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Thursday, July 31, 2014

Civil input at Legacy Playground meeting on Wednesday in Nashua

NASHUA – Residents took a much calmer approach to Legacy Playground, the all-accessible facility proposed nearly two years ago by the 2012 class of Legacy Greater Nashua, when offering input Wednesday at a special Board of Aldermen meeting.

Legacy Playground has been the subject of more than a year’s worth of often-testy public meetings and plenty more debate through social media. ...

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NASHUA – Residents took a much calmer approach to Legacy Playground, the all-accessible facility proposed nearly two years ago by the 2012 class of Legacy Greater Nashua, when offering input Wednesday at a special Board of Aldermen meeting.

Legacy Playground has been the subject of more than a year’s worth of often-testy public meetings and plenty more debate through social media.

Several people spoke at Wednesday’s meeting, which was led by Jennifer Brooke, principal and founder of Lemon-Brooke Landscape Architecture in Concord, Mass.

She said she made the presentation on behalf of the Institute for Human Centered Design, the firm the city hired to design the playground.

Comment period was opened by former city alderman and Berkeley Street resident Dan Richardson, who parsed some of the details Brooke presented and asked how the institute arrived at the 12,000-square-foot figure for the facility’s size.

The figure is “the number we’re starting with,” Brooke told attendees in response to Richardson’s question.

“It may not need to be 12,000 square feet, that’s just a number we’re starting with. Usually it’s the budget that tells us how big it will be,” she said.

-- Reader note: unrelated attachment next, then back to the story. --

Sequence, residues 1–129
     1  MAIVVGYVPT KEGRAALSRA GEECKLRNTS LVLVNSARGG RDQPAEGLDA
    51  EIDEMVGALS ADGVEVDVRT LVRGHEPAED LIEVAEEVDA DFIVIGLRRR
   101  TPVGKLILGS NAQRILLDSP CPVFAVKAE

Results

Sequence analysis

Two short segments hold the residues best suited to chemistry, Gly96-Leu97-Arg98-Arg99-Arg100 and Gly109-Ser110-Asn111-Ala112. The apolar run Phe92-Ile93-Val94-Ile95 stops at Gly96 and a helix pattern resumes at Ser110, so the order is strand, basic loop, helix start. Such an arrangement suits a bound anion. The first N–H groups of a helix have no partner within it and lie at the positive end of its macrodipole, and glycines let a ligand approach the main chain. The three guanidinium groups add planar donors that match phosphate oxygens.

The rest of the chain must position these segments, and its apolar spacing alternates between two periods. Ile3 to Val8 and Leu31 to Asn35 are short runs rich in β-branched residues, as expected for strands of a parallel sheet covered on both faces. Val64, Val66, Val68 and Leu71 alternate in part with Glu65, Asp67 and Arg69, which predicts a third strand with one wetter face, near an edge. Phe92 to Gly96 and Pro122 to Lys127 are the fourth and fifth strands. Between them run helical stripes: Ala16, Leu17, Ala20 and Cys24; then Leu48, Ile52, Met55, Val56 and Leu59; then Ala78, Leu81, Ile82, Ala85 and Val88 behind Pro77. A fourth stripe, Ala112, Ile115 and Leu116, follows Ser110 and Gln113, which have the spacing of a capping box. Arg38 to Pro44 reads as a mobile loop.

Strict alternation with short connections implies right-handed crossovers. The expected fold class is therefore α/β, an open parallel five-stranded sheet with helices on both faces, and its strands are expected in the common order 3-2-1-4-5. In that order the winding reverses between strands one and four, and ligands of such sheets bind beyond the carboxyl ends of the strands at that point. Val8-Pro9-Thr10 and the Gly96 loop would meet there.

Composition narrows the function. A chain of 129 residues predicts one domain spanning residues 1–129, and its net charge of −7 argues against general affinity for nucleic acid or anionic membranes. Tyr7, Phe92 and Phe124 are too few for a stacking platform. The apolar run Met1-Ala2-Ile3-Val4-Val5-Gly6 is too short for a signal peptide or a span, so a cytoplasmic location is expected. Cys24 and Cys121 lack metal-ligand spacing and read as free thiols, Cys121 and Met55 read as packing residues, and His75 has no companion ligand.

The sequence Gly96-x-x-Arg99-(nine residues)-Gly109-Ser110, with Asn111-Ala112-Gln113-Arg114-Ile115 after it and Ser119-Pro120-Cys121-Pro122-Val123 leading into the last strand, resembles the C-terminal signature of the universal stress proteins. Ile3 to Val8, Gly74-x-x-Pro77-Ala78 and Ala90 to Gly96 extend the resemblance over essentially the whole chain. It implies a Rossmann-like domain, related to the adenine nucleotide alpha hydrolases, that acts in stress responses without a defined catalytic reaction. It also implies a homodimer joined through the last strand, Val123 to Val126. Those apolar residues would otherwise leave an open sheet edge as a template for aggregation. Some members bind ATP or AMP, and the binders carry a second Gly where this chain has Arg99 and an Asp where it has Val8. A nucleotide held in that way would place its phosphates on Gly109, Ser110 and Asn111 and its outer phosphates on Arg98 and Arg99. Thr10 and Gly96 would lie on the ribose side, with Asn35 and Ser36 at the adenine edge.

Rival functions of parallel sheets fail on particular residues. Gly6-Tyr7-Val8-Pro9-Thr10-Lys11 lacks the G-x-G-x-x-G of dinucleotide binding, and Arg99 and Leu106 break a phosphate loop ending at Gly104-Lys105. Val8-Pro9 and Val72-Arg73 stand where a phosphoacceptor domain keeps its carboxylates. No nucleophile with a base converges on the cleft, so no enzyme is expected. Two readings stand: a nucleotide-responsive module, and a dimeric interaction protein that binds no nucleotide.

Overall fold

Brooke said the institute is working with a budget of $250,000, the amount set by Leadership Greater Nashua early in the process.

Most important, she added, is not going way over budget.

“We don’t want to get too big for our britches and end up with half a playground,” she said.

Roughly 40 people, including 11 of the 15 aldermen, attended the special meeting, scheduled to “get a better idea of expectations for this playground ... what people think of it, what they wish to see here,” Brooke said at the outset. The meeting’s tone was decidedly calmer and more thoughtful than the discourse that defined some of the earlier meetings, where emotional back-and-forths dominated the comment periods and amendments rose and fell with regularity.

“We’ve come a long way, and have had a lot of difference of opinion over this,” board president David Deane said in turning the meeting over to Brooke.

Brooke began with a general overview of what the playground will look like, including different shapes that the 12,000 square foot parcel can take. She said designers usually prefer breaking up the parcel in order to incorporate natural, existing components like trees, boulders and various green spaces.

She described the main purpose of building the playground following American with Disabilities Act guidelines is to incorporate the ADA’s “spirit of integration.”

“It’s not so much about achieving a certain benchmark of activity,” she said. “It’s about giving children a place to play.”